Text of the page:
In the poly community we spend a lot of time discussing compersion – the feeling of joy for your beloved when they are basking in their love for someone else. Contrasted with jealousy, compersion is a delicious experience, where the feeling of love grows exponentially in a relationship instead of creating a sense of competition and zero sum thinking. Much time has been spent in books and blogs exploring whether compersion is something that just happens or something we cultivate through practice and hard work. But what about grief?
If you’re living the poly life for long enough, you are bound to be with a partner who is going through a break-up. Like the twin flames of compersion and jealousy that rise up when we see our partner in love, we often have similar conflicting emotions when our partner is grieving. Part of us might be jumping up and down for joy that we get more time and attention from our partner, while another part of us feels guilty for that. Our heart breaks seeing our partner in pain. At the same time, we have trouble reconciling how they can be crying inconsolably at the loss of another, while we might be immersed in NRE.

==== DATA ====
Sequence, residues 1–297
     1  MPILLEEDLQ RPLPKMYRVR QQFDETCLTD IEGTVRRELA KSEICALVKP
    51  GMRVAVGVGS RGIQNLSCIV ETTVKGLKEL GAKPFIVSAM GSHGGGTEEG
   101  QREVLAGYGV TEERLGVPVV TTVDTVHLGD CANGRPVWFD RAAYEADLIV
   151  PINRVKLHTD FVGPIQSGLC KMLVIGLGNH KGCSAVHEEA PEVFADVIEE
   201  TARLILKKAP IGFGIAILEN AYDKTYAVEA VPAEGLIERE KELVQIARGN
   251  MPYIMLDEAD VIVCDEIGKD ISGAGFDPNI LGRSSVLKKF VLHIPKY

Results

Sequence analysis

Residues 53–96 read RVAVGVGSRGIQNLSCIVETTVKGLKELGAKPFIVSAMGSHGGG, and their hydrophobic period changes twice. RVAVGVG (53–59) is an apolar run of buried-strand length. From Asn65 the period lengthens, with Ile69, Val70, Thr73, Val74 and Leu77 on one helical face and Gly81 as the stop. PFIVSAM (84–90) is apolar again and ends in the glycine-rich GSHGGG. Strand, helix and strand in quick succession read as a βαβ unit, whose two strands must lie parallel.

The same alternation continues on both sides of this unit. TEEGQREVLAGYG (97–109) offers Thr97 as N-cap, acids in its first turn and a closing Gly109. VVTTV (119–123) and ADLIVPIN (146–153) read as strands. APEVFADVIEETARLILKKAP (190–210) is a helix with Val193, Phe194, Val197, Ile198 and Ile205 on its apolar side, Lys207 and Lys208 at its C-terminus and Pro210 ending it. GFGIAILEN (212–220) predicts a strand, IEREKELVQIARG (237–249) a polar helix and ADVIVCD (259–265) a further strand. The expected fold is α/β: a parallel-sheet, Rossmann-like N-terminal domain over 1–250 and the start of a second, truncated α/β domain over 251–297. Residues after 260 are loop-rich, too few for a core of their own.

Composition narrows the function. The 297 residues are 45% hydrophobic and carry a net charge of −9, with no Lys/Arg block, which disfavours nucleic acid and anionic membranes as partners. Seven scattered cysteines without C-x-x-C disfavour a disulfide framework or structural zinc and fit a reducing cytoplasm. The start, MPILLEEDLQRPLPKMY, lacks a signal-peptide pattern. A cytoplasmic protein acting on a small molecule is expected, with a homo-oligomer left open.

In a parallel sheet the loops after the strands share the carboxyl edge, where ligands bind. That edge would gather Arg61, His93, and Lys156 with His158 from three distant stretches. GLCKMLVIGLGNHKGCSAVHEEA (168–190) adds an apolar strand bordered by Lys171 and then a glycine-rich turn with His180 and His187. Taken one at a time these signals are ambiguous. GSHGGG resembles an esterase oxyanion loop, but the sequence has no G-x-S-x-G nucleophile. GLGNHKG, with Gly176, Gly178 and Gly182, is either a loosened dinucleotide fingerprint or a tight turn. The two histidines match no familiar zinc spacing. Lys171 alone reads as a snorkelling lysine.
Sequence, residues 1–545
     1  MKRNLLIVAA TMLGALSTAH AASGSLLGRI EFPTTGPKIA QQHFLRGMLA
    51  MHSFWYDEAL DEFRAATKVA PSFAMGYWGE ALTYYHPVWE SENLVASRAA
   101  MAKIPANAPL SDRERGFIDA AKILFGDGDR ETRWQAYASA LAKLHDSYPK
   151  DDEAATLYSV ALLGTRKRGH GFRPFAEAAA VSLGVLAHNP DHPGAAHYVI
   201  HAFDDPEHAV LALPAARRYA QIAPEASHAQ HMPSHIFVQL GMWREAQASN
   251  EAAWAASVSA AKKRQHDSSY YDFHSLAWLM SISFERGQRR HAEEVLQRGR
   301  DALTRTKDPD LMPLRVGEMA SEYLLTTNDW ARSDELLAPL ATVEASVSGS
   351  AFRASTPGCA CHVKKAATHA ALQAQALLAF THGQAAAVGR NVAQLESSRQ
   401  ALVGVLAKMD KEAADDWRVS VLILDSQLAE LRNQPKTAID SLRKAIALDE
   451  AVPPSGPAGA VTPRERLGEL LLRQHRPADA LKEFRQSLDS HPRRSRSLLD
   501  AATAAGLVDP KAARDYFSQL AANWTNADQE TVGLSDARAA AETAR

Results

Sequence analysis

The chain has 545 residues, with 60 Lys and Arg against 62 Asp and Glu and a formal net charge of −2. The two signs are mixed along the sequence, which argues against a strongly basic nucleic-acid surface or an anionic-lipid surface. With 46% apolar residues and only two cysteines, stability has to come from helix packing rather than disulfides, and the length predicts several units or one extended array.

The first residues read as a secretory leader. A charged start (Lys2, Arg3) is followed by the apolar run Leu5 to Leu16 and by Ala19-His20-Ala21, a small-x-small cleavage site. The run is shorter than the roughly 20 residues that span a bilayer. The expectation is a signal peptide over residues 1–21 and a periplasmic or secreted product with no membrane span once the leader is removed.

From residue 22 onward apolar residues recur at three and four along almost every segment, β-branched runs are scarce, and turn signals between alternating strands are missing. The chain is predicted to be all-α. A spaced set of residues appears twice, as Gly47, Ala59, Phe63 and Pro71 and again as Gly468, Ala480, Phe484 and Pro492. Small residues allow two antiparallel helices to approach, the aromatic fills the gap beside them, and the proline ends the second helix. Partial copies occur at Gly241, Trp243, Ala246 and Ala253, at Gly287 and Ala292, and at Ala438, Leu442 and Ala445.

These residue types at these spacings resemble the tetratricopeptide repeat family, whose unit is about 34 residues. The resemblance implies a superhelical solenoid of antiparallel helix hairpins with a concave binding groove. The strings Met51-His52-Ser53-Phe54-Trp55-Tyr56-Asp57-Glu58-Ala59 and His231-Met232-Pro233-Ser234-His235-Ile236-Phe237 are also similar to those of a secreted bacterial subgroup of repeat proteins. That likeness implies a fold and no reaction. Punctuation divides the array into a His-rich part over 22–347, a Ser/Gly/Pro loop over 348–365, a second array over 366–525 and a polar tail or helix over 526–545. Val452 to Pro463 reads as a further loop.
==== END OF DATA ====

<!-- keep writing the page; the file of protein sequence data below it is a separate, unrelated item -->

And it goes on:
In the mononormative world, a couple is likely to go through elation and strife together, feeling the pulse of one relationship as it slides through phases of first meeting and then the ups and downs of longevity. In the poly world, you and your partner might be in very different places with your metamours, and while one of you needs comfort and solace, the other is busy being excited for new love.
How do we honor our partner’s grief, or our own, while not letting those emotions subsume all the good stuff? Self-care is crucial, whether it’s you letting go of someone or your partner who’s grieving. Take the time to nourish yourself as well as your relationships. Cultivate compassion, while also keeping healthy boundaries. Try to enjoy the weird paradox that grief and love can coexist side by side.